On their self-titled EP Rococo, Rococo establish vast and cavernous spaces, promptly populating them with repetitive riffs, cacophonies of fuzzed out instruments as well as interwoven male/female vocal lines and harmonies. In the span of four short songs, the band builds from proto-folk to middling shoegaze, tightly wrapping songs around a prominent theme and approaching that lynchpin from multiple angles. While the package might be small, the impact and output of sound is sizable for the span.
The songs follow roughly the same formula: One prominent riff, normally swimming in natural reverb, will feel around a space in the dark, while mixed male and female vocals will join in alongside layering instruments to fill the sound out. It will rise, fall, crash and often go silent for a moment before reestablishing its footing and energy. The songs play out like thoughtful jam sessions, like a band testing out an idea and seeing what directions they can take that riff or vocal line—although here, rather than taking these notions to the extreme, Rococo knows what they want and occupy every inch of that desired space. The harmonies swirl, seldom at the forefront, while the root riffs guide the songs, applied with slight variations as the the tracks build.
While the energy level remains consistent throughout, the songs become more densely layered as the EP progresses, the reverb thicker and fuzz more liberal. “I'm Not Here” starts with a natural wood, acoustic guitar reverb, a sad-sweet violin creeping up a scale and male/female vocals edging their way in—it has every indication of easily fitting a folk or Appalachian bill. And, while it does, by the end, with just the chorus of distant voices, it fills out and promises something more. The second track carries this momentum, adding some rapid strumming to a near percussive effect, but, by the third track this short album has caught its stride. “Morning Light” has a more uniform rise and fall, as well as vocals moved just enough closer to the fore to stand out and help carry the song forward. Fairly clean electric guitar hints at the fuzz to come. The final track “It's Love!” has the fuzz of a ‘70s punk track, but maintains the album's minimalist ethos. Semi-shouted vocals mirror the noodling of the lead guitar and channel the organized chaos of early Broken Social Scene, while the male/female call and response hints towards some of the White Stripes more tongue-in-cheek tracks. After all of the building, by the end, simple, understated “ohh la la's” emerge from the soundscape.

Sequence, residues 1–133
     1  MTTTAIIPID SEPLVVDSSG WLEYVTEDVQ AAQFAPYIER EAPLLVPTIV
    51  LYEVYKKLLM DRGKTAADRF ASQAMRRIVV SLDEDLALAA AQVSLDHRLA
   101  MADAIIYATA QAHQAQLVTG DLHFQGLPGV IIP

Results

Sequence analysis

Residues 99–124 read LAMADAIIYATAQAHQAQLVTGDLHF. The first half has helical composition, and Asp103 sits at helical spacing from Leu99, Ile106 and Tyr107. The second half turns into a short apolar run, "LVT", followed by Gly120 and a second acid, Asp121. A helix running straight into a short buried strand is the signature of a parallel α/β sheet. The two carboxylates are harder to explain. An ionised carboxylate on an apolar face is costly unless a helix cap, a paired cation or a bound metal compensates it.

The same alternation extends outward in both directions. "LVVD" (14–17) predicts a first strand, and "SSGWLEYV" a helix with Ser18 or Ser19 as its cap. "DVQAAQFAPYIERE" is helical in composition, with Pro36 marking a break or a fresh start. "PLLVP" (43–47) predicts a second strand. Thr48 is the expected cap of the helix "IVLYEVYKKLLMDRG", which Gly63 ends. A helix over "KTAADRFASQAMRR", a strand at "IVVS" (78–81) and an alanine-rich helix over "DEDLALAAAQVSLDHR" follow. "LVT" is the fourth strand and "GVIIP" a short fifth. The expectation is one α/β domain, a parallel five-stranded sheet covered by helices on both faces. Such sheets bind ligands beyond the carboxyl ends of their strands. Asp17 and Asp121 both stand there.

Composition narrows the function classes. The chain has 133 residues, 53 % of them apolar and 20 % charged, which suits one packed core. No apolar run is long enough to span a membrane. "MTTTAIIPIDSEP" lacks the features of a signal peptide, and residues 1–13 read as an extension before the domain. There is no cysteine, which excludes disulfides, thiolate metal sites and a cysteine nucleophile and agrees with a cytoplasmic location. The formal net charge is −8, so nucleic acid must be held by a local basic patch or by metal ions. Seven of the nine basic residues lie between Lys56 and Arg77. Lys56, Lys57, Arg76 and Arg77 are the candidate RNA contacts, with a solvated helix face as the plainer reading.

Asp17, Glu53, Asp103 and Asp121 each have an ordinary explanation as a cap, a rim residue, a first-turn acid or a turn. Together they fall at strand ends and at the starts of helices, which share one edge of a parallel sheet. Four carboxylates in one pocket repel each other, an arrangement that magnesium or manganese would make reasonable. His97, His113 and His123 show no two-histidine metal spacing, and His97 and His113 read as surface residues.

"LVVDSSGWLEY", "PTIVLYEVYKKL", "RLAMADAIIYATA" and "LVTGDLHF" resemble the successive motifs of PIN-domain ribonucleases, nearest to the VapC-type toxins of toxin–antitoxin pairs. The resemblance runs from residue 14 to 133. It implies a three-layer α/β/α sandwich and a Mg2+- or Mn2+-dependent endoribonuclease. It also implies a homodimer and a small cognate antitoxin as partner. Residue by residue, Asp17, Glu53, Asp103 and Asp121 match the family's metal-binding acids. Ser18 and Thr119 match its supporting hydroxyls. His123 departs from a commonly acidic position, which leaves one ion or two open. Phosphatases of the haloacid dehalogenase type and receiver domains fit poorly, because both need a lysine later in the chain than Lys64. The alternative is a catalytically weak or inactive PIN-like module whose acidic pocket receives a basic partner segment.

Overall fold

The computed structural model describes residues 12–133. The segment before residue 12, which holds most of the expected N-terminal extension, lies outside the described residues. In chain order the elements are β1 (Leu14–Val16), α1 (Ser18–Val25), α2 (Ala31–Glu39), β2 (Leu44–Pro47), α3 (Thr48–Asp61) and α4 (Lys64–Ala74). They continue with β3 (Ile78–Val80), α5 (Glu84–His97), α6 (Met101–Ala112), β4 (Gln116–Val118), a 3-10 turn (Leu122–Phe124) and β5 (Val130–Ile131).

Rococo maintains a lot of energy for a quick, minimally produced, four-song affair. The band consists of Dwellyn Conway and Schea Bowden, with the former primarily helming the self-recording and production duties. They've been playing together for a while, since a band called Loose Leaves and it shows on the record. These two capture a live vibe on this album—potentially by using almost entirely live cuts, possibly through emphasizing live distortion and reverb and eschewing post-production effects. The album feels raw, real and unrehearsed—like if you stuck these two in a studio right now with the same songs, you'd get something entirely different.
Ultimately Rococo feels like a proof of concept: There's undeniably something here, bubbling beneath the surface and occasionally spilling over. The energy, instrumentation and intent are all here—often feeling like output of more than just two people—but the album scarcely has enough time to realize its own ambition.
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